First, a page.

LONDON (AP) — Prime Minister Boris Johnson announced his resignation on July 7 after droves of top government officials quit over the latest scandal to engulf him, marking an end to three tumultuous years in which he tried to bluster his way through one ethical lapse after another.
Months of defiance ended almost with a shrug as Johnson stood outside No. 10 Downing St. and announced that his party “wanted him gone.”
The brash, 58-year-old politician who took Britain out of the European Union and steered it through COVID-19 and the war in Ukraine was brought down by one scandal too many — this one involving his appointment of a politician who had been accused of sexual misconduct.
Although Johnson has stepped down as Conservative Party leader but said he would remain as prime minister until the party chooses his successor. The timetable for that process will be announced next week. The last leadership contest took six weeks.
“It’s very difficult to see how Boris Johnson, given the character that he is, is going to be able to govern for three months in quiet humility and contrition,” said George Freeman, who resigned as science minister on Thursday.
Among the possible candidates to succeed Johnson include: former Health Secretary Sajid Javid, former Treasury chief Rishi Sunak, Foreign Secretary Liz Truss and Defense Secretary Ben Wallace.
About 50 Cabinet secretaries, ministers and lower-level officials quit the government over the past few days because of the latest scandal, often castigating the prime minister as lacking integrity.
Johnson was forced to concede defeat Thursday morning (July 7) after one of his closest allies — newly appointed Treasury chief Nadhim Zahawi, publicly told him to resign for the good of the country.
“In the last few days, I tried to persuade my colleagues that it would be eccentric to change governments when we’re delivering so much and when we have such a vast mandate,” Johnson said. “I regret not to have been successful in those arguments, and of course it’s painful not to be able to see through so many ideas and projects myself.”
Many Britons reacted to news of his resignation with relief and surprise, given his habit of digging in.
“It felt like he can just keep on going and keep on ignoring it, so I was bit surprised this morning when saw it on my phone,” Himmat Dalyway, an investment trader in his 20s, said outside an Underground station in London.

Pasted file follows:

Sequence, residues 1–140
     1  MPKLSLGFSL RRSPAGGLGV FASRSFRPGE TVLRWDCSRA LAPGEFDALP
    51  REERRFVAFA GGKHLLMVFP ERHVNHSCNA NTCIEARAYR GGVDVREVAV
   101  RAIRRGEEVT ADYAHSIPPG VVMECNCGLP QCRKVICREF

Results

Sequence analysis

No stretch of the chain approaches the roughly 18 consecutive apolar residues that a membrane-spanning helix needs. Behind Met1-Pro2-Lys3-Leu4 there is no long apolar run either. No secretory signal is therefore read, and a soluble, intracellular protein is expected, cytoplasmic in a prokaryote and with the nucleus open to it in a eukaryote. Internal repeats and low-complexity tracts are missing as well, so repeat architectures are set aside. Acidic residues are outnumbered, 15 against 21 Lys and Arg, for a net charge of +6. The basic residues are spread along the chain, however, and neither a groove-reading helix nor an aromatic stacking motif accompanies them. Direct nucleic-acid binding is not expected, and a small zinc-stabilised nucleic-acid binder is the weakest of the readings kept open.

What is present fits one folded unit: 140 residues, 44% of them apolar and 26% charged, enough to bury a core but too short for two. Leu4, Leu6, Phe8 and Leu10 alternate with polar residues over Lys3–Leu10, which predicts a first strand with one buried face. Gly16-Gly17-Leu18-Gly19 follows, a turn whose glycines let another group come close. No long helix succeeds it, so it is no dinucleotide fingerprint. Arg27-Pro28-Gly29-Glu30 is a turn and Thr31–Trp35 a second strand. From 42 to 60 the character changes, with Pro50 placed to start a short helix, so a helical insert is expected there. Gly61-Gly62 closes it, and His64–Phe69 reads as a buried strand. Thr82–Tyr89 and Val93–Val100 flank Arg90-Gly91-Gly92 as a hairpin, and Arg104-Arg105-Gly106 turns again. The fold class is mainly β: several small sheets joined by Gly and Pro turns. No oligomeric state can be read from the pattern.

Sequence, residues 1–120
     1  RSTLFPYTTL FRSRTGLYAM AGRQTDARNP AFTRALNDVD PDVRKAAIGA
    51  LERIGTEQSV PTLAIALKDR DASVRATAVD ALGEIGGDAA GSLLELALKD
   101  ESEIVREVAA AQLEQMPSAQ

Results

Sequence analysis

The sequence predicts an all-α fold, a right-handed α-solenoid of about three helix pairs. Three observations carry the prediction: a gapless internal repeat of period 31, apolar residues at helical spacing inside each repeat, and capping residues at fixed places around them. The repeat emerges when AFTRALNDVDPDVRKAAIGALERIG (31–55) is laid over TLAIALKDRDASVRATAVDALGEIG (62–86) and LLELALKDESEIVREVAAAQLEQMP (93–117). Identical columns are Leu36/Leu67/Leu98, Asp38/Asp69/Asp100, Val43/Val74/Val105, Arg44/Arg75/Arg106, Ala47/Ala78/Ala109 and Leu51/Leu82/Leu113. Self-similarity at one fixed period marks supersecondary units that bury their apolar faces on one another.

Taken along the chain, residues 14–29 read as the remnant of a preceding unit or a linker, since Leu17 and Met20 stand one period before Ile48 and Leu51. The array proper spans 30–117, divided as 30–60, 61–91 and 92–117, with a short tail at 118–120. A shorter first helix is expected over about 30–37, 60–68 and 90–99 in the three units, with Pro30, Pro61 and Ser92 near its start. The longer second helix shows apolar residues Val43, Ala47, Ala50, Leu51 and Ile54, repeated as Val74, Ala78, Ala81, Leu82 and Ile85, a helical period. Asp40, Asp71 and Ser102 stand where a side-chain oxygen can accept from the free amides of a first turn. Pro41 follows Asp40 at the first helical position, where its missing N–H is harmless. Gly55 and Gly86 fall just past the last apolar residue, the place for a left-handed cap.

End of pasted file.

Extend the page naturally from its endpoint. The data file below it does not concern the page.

“Are you still 100% sure that he is going?”
As Johnson gathered his cobbled-together Cabinet for a meeting after his resignation announcement, he promised not to rock the boat in his remaining weeks. He told members the government would not “seek to implement new policies or make major changes of direction.”
It was a humiliating defeat for Johnson, who not only pulled off Brexit but was also credited with rolling out one of the world’s most successful mass vaccination campaigns to combat COVID-19. But the perpetually rumpled, shaggy-haired leader known for answering his critics with bombast and bluster was also dogged by allegations he behaved as if the rules did not apply to him.
Johnson was also fined by police over the parties and survived a no-confidence vote last month in Parliament in which 41% of Conservative lawmakers tried to oust him.
A controversial legacy
Johnson became prime minister in July 2019, succeeding Theresa May, who resigned after Parliament rejected the Brexit agreement she negotiated with the EU. Johnson pushed his own Brexit deal through in an often messy and turbulent debate.
In his rise to power he showed many of the same habits and abilities that would carry him far but also spell his downfall: He was an ebullient, attention-loving mayor of London; a journalist who was fired for making up a quote and filed exaggerated stories about EU excesses; and a politician with an Eton- and Oxford-honed talent for colorful oratory and the thrust and parry of debate.
He became known for his light regard for the truth and his glib and offensive remarks. He called Papua New Guineans cannibals and likened Muslim women who wear face-covering veils to “letter boxes.”
Recent disclosures that Johnson knew about sexual misconduct allegations against a Conservative lawmaker before he promoted him to a senior position in government proved to be one scandal too many.
Key Cabinet members Javid and Sunak, who were responsible, respectively, for fighting COVID-19 and inflation, resigned within minutes of each other on July 5, which then set off the wave of departures by other members in office.
Now with a leadership election upon them, the Conservatives will have to decide whether they can stomach Johnson as a caretaker leader, a job that normally entails saying little and doing nothing.
“To be honest, I think a lot of the public will want to see him gone straightaway,” said Tim Bale, a professor of politics at Queen Mary, University of London. “You know, they don’t want to see him hanging around like a bad smell in Downing Street.”
By the Associated Press.